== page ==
Traffic deaths due to alcohol began to decline remarkably as social attitudes about drinking and driving moved to ‘not cool’. Of course regulations also help, and when possible as gently as possible.
In private I’m guessing most people would agree with a general notion of a serious problem with gun deaths. That’s a good thing. Unfortunately in the arena of political ‘discourse’ it challenging to express that ideal because it tends to put someone on one side or the other.
The same I suspect is true in the abortion conversation. I’m opposed to me having an abortion, I don’t get to make that decision for anyone else. I’m male and never married so I’ve never been faced with the real decision. My options, my personal ethical standards do not apply to anyone else. Yet I am able to assist with decision making, if asked. I can listen to reasons for a particular action, explore desired outcomes, investigate what options available and more. I believe I am more approachable, and more available if I’m clear about my belief and also clear it has no standing in someone else’s life. Then together we can try to assist each other.
In the area of abortions there are many alternatives available yet they have never been the focus of the messages. A whole bunch of money has been poured down the drain, and it continues. That money could be used in other meaningful and beneficial ways. I’m guessing most people would not be opposed to beefing up adoption options, regulations and monitoring for both adopted and foster care, increasing financial support for the parents having the baby to reduce that burden especially if financial reasons were behind wanting an adoption..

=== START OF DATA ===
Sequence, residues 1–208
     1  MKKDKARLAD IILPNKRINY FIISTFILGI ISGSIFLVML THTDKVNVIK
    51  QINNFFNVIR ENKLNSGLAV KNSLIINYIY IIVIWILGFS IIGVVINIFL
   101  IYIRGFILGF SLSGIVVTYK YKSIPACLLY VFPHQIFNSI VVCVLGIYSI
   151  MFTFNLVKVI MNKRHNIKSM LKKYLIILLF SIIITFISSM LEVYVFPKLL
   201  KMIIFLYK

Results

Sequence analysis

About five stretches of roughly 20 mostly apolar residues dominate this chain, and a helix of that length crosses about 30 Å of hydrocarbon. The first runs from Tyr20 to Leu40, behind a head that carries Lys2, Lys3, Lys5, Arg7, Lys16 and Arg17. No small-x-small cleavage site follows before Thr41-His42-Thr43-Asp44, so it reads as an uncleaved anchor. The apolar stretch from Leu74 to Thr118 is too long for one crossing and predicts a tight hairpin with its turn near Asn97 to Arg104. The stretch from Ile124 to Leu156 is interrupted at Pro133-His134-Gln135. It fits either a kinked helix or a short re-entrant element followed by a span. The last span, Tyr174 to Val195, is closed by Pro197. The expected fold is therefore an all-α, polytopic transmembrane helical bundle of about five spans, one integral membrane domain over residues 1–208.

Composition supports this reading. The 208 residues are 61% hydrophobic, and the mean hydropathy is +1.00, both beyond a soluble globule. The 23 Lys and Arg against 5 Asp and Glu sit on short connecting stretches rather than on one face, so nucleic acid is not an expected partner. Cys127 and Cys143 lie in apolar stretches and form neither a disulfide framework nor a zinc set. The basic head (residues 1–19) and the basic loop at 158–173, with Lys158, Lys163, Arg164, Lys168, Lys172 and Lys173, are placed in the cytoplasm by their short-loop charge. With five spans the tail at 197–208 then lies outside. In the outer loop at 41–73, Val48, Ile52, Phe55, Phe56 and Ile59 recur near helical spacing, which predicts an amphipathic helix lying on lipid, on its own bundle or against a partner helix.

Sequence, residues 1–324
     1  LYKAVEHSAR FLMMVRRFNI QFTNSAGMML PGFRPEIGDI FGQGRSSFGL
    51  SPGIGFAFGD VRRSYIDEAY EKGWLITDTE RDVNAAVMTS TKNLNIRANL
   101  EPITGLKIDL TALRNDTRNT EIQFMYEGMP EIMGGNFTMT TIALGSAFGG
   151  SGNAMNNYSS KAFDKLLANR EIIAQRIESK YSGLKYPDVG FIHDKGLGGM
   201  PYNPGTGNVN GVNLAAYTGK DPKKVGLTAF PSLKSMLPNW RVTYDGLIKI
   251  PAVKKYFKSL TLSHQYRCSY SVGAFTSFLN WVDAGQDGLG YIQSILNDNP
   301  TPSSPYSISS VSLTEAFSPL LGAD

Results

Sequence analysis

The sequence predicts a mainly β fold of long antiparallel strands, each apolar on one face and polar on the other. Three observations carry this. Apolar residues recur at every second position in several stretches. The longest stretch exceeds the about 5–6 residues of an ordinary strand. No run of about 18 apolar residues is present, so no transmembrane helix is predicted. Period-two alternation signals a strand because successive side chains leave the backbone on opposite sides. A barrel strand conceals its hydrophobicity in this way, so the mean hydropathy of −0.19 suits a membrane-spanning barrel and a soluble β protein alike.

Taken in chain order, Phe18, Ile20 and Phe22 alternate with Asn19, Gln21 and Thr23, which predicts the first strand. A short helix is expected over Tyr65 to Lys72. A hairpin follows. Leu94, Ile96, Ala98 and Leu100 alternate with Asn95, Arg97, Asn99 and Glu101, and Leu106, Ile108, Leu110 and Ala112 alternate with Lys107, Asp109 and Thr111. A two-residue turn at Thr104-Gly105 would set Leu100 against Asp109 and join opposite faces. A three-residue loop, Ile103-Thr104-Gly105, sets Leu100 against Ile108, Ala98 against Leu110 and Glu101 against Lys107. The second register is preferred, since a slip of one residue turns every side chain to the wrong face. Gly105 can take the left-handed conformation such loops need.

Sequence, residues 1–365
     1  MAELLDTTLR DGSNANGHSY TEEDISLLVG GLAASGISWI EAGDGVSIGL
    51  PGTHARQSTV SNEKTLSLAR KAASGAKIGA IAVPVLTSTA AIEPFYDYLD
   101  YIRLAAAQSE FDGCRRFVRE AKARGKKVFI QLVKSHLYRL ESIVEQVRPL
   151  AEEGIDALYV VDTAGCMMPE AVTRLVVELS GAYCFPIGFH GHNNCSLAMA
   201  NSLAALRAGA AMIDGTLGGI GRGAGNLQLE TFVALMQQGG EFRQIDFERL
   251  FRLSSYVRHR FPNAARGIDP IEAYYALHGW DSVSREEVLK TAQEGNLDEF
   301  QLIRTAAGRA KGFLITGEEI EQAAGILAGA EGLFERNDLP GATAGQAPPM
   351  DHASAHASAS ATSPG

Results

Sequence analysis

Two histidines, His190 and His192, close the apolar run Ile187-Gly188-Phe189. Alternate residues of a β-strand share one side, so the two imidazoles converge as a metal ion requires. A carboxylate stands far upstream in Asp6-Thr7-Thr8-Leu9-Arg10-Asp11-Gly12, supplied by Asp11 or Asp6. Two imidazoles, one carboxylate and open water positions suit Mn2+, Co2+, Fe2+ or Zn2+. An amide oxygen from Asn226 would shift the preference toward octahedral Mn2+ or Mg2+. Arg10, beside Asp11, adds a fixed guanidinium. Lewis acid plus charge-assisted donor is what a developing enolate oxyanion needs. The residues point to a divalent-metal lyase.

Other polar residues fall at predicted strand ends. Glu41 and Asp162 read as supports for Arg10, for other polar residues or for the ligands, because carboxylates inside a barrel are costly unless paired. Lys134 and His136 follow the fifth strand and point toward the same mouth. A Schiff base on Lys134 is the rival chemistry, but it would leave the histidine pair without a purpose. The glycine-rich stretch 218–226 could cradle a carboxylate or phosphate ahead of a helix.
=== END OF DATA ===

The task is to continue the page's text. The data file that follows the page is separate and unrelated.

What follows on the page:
Guns, and gun violence, also have areas of conversation, curiosity, compromise, and regulation that have not been explored. Currently it will be difficult to do so as long as the focus is solely on gun control and gun rights.
When it becomes socially unacceptable to have a military brigades worth of weapons in a single person’s basement, when it is socially not cool to holster your side arms to go to the store shopping for groceries, or theatre, and so forth. When it is not cool to brag about all your guns, when the social currency is devalued people will, as they have in the past, shift their own personal capital and energy somewhere else. Going after organizations, targeting manufacturers, regulating how a weapon is built by many dating specific things such as gun locks or owner-bio-coupling, are two that could be explored as well as establishing quota limits. They may or may not work, we’ll never know until we look into them. The emerging talk of applying insurance requirements could potentially remove the problem over night, or rapidly. Perhaps a redistribution of insurance profit from that could be an offset for medical insurance.
Who knows what will and what will not work or what other ideas may arise in the process? It could be fun and exciting. It would invite more voices into he conversation to reduce gun violence and deaths from guns something I’m guessing most people would fundamentally agree on, even if not agreeing on first steps.